A. Man is a “rational,” “conjugal,” and “political animal,” as Aristotle says in his threefold definition. Comment: Animal: We are born, live, and die. Rational: We understand the nature of things by abstracting their immaterial forms, or essences, which means that we ourselves must have an immaterial dimension, or “soul.” Our equality among ourselves cannot derive from our exercise of our intelligence but from the very capacity of our intelligence, independent of its physical performance or of any defects in it. (Otherwise we would fall into sub-humanity whenever sleeping or unconscious.) Conjugal: Every human comes into being through the sexual union of one man and one woman, which is why marriage is the first natural bond of human society. Political: As naturally social creatures, we form governments for our common good, “deriving their just powers from the consent of the governed,” “to secure [the] rights” to “life, liberty and the pursuit of happiness” (of which the Bill of Rights is only a partial enumeration).


Q. Who was our greatest president, and why?

A. Abraham Lincoln was our greatest president (though George Washington, our first president, has a strong claim). Lincoln recognized that our nation’s original sin was slavery, which contradicted the Declaration’s lofty preamble, and that the Constitution, which permitted slavery, had to be corrected by constitutional means. Comment: Lincoln also recognized that abolishing slavery required an appeal to what we all know through the natural law. For example: “Although volume upon volume is written to prove slavery a very good thing, we never hear of the man who wishes to take the good of it, by being a slave himself.”


Q. Should Donald Trump be rejected because he is vulgar?

A. Donald Trump should be rejected but not because he is vulgar. As Lincoln understood, while “vulgar” can mean both “common” and “indecent,” “common” and “indecent” are opposites, not synonyms — as the phrase “common decency” illustrates. Comment: Trump is neither the first nor last to make vulgarity his “brand,” and should be rejected for his uncommon indecency. Those who dismiss Trump as vulgar typically come out the worse, either by stooping to vulgarity themselves (like Senator Marco Rubio) or because, like Julius Caesar, Trump is adept at manipulating mobs.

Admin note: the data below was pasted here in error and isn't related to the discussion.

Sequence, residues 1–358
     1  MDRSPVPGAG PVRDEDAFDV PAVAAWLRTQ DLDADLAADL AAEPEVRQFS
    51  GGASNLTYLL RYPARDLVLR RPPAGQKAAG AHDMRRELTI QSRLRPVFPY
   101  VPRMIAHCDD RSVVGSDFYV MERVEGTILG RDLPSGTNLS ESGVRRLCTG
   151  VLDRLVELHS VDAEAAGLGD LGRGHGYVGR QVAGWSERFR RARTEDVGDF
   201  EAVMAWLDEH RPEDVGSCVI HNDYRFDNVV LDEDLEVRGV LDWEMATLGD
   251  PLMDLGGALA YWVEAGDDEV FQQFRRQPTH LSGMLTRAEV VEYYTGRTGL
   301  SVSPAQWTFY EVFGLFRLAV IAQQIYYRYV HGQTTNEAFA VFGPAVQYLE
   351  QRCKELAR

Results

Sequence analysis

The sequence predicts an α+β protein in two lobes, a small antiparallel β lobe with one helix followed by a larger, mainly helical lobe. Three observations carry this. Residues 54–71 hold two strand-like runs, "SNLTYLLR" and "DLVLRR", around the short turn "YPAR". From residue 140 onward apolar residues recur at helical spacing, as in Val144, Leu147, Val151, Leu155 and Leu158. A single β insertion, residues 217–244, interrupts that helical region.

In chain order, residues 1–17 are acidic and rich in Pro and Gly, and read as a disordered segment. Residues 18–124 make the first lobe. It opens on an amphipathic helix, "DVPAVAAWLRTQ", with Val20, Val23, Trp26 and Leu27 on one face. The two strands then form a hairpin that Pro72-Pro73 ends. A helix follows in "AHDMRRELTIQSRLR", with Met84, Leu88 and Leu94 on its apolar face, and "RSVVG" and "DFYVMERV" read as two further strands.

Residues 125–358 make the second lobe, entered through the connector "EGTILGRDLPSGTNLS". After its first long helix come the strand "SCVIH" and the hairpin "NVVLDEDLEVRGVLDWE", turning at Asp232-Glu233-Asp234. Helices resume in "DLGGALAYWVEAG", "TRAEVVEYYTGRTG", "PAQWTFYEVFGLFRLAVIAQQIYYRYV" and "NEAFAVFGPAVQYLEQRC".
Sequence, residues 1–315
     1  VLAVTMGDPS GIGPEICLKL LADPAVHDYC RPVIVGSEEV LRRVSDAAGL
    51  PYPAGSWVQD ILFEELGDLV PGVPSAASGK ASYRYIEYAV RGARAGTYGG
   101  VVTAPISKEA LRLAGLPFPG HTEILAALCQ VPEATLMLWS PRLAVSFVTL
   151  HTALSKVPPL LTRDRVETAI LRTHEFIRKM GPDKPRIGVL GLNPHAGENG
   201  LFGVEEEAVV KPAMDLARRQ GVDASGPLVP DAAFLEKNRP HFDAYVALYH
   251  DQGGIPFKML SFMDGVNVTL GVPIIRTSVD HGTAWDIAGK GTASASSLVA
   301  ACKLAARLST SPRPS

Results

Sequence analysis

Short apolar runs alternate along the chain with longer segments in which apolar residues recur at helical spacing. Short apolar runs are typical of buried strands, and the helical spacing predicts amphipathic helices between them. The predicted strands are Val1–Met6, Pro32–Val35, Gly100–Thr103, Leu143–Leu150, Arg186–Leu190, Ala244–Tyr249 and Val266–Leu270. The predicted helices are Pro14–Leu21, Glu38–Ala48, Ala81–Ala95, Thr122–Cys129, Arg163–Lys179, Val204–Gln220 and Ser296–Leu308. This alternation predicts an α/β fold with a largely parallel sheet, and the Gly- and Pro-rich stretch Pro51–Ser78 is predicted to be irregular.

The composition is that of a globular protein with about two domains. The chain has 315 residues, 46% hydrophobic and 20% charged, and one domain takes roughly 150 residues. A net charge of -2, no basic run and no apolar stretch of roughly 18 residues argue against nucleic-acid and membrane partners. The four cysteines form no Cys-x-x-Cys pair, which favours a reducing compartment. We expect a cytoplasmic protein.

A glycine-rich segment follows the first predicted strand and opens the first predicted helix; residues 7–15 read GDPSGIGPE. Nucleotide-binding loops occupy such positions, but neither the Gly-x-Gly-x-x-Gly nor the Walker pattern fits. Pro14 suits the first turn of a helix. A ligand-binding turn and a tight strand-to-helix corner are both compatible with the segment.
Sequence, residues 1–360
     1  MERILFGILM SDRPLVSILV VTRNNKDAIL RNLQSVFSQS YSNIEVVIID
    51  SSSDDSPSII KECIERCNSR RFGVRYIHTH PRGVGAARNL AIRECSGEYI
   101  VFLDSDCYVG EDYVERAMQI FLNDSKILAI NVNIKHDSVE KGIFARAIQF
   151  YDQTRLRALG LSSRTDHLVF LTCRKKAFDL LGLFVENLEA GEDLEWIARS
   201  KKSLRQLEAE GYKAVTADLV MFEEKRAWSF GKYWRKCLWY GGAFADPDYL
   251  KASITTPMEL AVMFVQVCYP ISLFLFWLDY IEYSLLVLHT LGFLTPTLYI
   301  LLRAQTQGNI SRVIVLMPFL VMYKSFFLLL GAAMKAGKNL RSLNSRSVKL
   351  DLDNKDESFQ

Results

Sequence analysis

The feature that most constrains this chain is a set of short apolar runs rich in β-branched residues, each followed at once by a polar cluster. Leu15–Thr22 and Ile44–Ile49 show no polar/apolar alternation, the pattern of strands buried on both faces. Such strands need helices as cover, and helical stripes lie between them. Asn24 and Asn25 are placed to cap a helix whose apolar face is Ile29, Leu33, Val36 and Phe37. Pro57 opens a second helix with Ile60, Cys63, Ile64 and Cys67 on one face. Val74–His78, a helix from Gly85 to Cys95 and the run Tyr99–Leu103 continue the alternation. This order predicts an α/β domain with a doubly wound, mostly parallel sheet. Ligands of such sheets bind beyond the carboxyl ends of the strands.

Q. Is Donald Trump right that working families have been victimized by free trade?

A. No. Trump rightly decries “currency manipulation” but omits to mention that the current monetary system was conceived by John Maynard Keynes as nothing but currency manipulation, and rejects the only effective solution: monetary reform. Comment: As Lewis E. Lehrman and I have demonstrated, America’s main economic problems — a Congress unable to control borrowing, the hollowing out of the middle class, and a financial system prone to crises such as those of 1929–32 and 2007–09 — have a common root: using  U.S. public debt, now worth trillions of dollars, as ”official reserves,” a system Trump does not propose to change. His “solution” of trade protectionism is like “curing” someone run over by an auto by backing up over the victim. It disastrously failed in the 1920s and ’30s.


Q. Should Donald Trump be rejected as a fascist?

A. No. Fascism fortunately never took root in America. Trump should be rejected instead as a present-day “Know-Nothing,” both literally and as a throwback to the secret nativist society active in the 19th century. Comment: “As a nation, we began by declaring that ‘all men are created equal,’” Lincoln wrote in 1855. “We now practically read it ‘all men are created equal, except negroes.’ When the Know-Nothings get control, it will read ‘all men are created equal, except negroes, and foreigners, and Catholics.’ When it comes to this I should prefer emigrating to some country where they make no pretense of loving liberty — to Russia, for instance, where despotism can be taken pure, and without the base alloy of hypocrisy.”

— John D. Mueller is the Lehrman Institute Fellow in Economics at the Ethics and Public Policy Center and author of Redeeming Economics: Rediscovering the Missing Element.